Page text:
## A modular tape caching mechanism for ReverseDiff

**Mentors**: Qingliang Zhuo, Mohamed Tarek

**Project difficulty**: Medium

**Project length**: 175 hrs

**Description**:
Tape caching often leads to significant performance improvements for gradient-based sampling algorithms (e.g. HMC/NUTS). Tape caching is only possible at the complete computational level for ReverseDiff at the moment. This project is about implementing a more modular, i.e. function-as-a-caching-barrier, tape caching mechanism for ReverseDiff.jl.

## Benchmarking & improving performance of the JuliaGaussianProcesses libraries

**Mentors**: Theo Galy-Fajou, Will Tebbutt, ST John

**Project difficulty**: Medium

**Project length**: 350 hrs

**Description**:
Although KernelFunctions.jl has extensive correctness testing, our performance testing is lacking. This project aims to resolve this, and resolve performance issues wherever they are found. The student would first need to extend our existing benchmarking coverage, and debug any obvious performance problems. The next phase of the work would be to construct end-to-end examples of KernelFunctions being used in practice, profile them to determine where performance problems lie, and fix them.

## Iterative methods for inference in Gaussian Processes

**Mentors**: Will Tebbutt, S. T. John, Ross Viljoen

**Project difficulty**: Medium

**Project length**: 175 hrs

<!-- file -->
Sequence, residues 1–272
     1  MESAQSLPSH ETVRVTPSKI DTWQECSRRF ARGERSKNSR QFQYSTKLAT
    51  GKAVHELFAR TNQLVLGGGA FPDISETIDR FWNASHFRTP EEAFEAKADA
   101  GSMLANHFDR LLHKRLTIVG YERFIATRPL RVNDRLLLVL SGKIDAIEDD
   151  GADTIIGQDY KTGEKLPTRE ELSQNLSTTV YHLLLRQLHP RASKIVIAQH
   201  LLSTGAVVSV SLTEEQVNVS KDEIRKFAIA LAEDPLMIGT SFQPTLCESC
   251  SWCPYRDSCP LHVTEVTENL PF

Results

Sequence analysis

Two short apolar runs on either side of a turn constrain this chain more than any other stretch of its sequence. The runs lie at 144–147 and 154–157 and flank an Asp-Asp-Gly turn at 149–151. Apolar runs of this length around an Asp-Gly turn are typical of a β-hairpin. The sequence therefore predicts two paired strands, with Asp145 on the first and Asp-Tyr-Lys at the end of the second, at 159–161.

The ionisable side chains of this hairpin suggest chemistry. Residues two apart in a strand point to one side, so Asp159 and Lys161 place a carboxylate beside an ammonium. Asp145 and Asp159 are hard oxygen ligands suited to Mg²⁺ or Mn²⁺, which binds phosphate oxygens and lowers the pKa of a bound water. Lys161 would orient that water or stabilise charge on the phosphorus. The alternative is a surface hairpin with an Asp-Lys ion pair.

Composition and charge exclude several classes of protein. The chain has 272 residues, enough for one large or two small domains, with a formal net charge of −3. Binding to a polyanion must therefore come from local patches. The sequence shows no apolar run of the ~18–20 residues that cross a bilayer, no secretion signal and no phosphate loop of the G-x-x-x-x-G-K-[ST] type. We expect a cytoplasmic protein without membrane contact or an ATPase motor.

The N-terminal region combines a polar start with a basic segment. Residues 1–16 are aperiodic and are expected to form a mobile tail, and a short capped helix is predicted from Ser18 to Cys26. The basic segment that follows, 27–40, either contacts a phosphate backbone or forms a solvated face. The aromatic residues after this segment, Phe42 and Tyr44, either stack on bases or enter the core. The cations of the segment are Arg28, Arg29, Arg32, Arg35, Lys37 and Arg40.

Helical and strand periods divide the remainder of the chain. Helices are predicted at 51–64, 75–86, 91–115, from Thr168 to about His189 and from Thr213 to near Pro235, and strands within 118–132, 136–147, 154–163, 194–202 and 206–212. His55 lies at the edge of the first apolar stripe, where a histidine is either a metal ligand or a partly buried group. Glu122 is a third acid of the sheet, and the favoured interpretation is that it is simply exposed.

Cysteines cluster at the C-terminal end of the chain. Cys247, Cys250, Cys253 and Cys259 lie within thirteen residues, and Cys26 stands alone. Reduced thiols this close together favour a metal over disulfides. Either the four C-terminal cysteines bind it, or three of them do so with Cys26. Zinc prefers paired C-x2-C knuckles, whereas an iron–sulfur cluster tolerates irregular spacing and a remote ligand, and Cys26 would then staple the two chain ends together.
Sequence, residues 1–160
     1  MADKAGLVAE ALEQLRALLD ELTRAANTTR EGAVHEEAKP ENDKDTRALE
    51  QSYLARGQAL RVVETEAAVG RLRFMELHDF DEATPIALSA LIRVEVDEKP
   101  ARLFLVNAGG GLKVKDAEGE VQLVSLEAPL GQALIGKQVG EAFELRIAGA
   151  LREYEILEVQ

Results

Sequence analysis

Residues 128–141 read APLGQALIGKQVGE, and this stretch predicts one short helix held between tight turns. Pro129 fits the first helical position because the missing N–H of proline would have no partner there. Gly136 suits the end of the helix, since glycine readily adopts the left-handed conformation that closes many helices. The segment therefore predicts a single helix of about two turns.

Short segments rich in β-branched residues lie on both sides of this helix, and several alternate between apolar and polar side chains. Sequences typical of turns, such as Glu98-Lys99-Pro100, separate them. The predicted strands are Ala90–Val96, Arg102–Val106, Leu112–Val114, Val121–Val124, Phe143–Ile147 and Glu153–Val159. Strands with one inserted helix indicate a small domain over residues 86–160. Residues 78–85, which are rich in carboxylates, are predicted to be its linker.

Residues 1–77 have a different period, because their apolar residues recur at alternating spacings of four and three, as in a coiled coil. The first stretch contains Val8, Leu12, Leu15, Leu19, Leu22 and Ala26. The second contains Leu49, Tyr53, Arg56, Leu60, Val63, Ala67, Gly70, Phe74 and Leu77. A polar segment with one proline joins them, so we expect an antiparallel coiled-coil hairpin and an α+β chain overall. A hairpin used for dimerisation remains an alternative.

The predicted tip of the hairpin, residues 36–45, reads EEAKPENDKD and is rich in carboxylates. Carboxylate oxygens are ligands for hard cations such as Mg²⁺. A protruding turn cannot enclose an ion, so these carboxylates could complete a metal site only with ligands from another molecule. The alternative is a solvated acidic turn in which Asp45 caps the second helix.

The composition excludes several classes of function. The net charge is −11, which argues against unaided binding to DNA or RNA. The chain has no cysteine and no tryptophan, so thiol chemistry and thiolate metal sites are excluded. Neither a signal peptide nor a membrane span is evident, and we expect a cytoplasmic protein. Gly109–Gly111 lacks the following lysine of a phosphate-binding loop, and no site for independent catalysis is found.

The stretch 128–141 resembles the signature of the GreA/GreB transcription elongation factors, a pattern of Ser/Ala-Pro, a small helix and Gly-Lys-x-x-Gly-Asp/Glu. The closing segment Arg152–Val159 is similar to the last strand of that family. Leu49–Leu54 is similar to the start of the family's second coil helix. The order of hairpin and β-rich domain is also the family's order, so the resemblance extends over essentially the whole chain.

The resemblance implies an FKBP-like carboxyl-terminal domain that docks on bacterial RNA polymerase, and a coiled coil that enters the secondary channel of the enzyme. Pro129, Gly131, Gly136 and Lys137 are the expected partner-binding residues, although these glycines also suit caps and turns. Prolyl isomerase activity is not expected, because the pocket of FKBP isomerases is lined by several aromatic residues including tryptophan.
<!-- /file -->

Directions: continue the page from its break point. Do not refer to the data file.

**Description**:
There has recently been quite a bit of work on inference methods for GPs that use iterative methods rather than the Cholesky factorisation. They look quite promising, but no one has implemented any of these within the Julia GP ecosystem yet, but they should fit nicely within the AbstractGPs framework. If you're interested in improving the GP ecosystem in Julia, this project might be for you!

## Approximate inference methods for non-Gaussian likelihoods in Gaussian Processes

**Mentors**: S. T. John, Ross Viljoen, Theo Galy-Fajou

**Project difficulty**: Hard

**Project length**: 350 hrs

**Description**:
Adding approximate inference methods for non-Gaussian likelihoods which are available in other GP packages but not yet within JuliaGPs. The project would start by determining which approximate inference method(s) to implement---there's lots to do, and we're happy to work with a student on whichever method they are most interested in, or to suggest one if they have no strong preference.

## GPU integration in the JuliaGPs ecosystem

**Mentors**: Ross Viljoen, Theo Galy-Fajou, Will Tebbutt

**Project difficulty**: Medium

**Project length**: 350 hrs

**Description**:
This would involve first ensuring that common models are able to run fully on the GPU, then identifying and improving GPU-specific performance bottlenecks. This would begin by implementing a limited end-to-end example involving a GP with a standard kernel, and profiling it to debug any substantial performance bottlenecks. From there, support for a wider range of the functionality available in KernelFunctions.jl and AbstractGPs.jl can be added. Stretch goal: extension of GPU support to some functionality in ApproximateGPs.jl.